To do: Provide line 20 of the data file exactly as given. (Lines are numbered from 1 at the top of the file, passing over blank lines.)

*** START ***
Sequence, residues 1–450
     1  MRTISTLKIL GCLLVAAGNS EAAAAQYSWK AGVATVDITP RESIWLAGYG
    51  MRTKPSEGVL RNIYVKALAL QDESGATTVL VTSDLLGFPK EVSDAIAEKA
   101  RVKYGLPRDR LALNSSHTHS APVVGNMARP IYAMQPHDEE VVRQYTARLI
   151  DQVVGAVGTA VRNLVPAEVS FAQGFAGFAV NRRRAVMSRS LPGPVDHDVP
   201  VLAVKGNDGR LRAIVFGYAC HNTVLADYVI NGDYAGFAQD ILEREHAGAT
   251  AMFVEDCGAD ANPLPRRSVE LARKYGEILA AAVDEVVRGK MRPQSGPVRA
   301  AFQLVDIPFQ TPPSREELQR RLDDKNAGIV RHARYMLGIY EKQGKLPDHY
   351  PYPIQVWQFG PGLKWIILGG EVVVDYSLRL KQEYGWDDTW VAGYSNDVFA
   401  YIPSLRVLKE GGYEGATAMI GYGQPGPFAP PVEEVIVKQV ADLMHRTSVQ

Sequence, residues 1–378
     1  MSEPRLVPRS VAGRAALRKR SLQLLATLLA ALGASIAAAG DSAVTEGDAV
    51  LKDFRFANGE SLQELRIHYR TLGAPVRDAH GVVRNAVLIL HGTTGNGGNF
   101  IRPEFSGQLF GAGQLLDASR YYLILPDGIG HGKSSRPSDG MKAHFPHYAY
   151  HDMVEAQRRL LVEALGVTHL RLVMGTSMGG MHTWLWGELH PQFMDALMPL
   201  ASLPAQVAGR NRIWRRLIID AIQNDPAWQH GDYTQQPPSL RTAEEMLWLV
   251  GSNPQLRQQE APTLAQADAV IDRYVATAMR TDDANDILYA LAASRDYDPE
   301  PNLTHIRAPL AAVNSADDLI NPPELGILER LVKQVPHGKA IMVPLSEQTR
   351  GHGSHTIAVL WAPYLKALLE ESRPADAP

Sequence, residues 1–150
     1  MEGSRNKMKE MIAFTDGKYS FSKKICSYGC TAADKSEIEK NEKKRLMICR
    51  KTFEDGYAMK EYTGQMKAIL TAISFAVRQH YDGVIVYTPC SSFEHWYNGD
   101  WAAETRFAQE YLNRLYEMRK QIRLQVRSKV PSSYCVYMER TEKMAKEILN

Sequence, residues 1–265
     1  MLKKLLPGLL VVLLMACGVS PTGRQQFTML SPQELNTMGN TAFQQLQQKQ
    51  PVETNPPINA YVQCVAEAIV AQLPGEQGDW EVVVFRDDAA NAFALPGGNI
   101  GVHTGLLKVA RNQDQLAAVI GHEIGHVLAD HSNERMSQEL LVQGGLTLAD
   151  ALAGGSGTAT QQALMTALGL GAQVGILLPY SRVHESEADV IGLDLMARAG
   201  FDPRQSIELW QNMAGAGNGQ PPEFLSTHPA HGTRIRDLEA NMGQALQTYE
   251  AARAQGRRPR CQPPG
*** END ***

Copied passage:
Sequence, residues 1–150